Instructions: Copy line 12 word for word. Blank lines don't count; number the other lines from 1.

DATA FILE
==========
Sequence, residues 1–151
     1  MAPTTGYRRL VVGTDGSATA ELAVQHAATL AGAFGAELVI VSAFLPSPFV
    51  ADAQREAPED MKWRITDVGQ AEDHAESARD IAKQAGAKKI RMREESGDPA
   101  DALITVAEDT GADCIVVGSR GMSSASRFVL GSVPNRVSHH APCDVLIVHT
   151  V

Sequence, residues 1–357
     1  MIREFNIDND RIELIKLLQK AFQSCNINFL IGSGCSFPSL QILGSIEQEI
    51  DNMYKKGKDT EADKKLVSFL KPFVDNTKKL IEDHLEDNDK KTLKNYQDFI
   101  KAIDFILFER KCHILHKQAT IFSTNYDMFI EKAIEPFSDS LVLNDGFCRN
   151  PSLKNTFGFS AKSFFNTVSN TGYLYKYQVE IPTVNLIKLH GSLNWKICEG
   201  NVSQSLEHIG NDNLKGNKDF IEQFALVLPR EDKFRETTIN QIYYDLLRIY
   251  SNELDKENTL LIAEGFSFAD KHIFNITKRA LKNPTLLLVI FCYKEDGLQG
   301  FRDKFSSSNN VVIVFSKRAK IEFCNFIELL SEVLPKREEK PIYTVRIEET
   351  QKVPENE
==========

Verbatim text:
   251  SNELDKENTL LIAEGFSFAD KHIFNITKRA LKNPTLLLVI FCYKEDGLQG